The verdict was welcomed by the public, though some activists were disappointed because they expected a life sentence for Bishimbayev. Serik Beyssembayev, a sociologist and a director of PaperLab Public Policy Research Center in Astana, described the trial as a “catalyst of social changes that have long been evident” in the country.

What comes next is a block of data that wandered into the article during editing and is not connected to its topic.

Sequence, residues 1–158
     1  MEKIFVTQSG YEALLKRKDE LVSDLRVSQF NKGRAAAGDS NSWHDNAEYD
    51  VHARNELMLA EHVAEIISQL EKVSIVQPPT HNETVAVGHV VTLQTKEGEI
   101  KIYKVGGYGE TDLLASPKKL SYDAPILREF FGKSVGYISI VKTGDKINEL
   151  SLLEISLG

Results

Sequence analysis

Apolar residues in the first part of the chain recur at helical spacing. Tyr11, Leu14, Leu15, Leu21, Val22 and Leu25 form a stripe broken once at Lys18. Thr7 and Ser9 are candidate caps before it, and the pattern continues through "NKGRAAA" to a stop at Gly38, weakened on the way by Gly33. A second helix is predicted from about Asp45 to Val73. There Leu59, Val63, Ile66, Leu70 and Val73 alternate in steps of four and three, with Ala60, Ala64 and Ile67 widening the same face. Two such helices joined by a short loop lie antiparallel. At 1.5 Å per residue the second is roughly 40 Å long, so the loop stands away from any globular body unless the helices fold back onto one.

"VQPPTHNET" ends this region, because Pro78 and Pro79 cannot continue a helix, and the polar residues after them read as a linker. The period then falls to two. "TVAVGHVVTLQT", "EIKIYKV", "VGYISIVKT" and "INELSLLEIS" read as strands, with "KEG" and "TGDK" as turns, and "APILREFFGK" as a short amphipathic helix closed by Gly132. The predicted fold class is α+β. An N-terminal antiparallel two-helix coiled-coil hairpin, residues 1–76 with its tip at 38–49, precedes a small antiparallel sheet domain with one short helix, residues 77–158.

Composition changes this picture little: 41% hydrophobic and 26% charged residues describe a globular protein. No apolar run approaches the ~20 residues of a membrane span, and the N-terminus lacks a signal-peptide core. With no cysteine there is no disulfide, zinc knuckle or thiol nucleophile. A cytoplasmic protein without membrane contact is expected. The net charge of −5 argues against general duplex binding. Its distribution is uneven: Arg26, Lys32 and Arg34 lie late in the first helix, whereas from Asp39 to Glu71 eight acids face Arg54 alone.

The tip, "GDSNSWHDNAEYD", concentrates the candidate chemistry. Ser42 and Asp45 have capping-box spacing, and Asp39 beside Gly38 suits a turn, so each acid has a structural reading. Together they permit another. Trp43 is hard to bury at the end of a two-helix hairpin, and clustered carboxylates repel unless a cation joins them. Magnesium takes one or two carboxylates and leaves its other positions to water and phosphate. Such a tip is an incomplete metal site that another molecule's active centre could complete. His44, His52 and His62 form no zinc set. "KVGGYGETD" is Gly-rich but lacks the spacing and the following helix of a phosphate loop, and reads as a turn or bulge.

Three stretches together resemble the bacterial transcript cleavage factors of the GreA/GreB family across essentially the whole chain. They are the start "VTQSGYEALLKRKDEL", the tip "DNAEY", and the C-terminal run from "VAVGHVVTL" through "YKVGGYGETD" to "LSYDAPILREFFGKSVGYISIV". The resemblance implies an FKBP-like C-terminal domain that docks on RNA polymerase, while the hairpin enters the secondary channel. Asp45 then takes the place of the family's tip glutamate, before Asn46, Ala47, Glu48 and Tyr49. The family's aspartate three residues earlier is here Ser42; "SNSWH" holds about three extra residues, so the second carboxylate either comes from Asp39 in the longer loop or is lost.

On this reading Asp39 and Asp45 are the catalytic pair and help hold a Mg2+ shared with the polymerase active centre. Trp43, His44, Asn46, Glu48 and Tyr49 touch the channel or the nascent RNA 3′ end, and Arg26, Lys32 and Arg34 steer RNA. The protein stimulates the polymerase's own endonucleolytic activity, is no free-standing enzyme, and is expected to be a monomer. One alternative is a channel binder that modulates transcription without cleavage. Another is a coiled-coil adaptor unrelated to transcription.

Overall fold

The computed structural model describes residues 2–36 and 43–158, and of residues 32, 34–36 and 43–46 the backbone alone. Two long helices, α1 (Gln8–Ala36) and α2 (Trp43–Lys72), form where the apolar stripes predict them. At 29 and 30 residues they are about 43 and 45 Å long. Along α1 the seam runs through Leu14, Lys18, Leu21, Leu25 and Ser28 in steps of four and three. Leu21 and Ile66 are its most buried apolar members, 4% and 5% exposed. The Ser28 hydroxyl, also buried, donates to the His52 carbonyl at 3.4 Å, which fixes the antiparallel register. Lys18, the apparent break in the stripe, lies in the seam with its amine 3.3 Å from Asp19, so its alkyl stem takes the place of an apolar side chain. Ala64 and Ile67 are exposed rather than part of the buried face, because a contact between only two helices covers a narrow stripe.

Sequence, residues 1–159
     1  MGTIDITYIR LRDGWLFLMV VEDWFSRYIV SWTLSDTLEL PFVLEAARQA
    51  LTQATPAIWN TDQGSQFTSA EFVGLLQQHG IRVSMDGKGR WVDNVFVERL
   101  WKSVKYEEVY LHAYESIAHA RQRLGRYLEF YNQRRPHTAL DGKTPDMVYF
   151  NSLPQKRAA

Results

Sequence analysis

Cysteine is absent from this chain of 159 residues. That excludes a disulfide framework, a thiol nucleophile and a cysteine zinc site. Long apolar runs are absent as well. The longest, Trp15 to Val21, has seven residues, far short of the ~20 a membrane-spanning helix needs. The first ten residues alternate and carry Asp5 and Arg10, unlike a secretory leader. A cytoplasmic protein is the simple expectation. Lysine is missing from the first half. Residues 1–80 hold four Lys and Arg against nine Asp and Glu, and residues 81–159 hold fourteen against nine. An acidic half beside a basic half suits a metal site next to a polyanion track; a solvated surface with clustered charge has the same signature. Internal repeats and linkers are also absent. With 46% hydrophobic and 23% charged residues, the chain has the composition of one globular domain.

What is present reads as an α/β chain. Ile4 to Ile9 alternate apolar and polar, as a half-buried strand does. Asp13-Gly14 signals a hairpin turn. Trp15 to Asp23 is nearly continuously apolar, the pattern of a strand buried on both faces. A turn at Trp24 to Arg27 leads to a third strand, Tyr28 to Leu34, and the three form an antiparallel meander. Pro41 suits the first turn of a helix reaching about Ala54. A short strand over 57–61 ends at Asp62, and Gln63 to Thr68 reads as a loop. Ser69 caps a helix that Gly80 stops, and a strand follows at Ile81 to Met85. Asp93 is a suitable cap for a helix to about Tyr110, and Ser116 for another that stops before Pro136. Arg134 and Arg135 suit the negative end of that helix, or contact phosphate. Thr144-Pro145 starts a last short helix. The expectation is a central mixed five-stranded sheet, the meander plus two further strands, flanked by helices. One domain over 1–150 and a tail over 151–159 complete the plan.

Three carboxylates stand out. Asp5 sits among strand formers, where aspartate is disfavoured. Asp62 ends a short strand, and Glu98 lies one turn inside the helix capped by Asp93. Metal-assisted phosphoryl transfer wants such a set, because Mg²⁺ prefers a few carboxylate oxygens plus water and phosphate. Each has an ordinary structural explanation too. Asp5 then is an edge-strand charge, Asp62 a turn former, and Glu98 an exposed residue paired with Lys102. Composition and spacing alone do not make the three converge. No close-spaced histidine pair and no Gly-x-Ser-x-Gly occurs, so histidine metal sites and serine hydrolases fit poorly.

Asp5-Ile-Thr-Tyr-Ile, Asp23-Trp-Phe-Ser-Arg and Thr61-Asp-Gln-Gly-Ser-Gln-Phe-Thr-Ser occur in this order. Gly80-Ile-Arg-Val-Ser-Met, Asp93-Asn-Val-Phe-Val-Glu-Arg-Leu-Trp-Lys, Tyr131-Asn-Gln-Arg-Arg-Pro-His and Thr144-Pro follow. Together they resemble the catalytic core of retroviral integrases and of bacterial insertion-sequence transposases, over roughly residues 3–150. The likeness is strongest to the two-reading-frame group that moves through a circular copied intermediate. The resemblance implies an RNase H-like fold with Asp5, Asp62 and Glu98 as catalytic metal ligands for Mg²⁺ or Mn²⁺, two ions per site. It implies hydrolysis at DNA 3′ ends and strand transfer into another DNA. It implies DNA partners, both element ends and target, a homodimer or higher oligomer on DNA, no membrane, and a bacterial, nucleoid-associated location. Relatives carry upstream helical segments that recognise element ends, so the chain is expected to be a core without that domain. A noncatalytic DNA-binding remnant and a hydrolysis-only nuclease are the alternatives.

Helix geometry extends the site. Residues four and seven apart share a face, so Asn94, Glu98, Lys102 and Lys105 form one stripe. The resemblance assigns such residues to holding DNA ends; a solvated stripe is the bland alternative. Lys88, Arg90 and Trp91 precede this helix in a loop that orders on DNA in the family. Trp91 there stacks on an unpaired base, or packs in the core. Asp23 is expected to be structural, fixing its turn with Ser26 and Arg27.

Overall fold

Beyond the new law providing recourse for domestic violence victims, there have also been reverberations in the wider political world. Earlier this month, Karina Mamash, the wife of a Kazakhstani diplomat in the United Arab Emirates, said that her husband Saken Mamash has been raping and beating her for the past decade. Shortly after she released a video showing her bruises, which went viral, Karina flew home to Kazakhstan and is now in a crisis center for women. A criminal case was filed against her husband on May 10.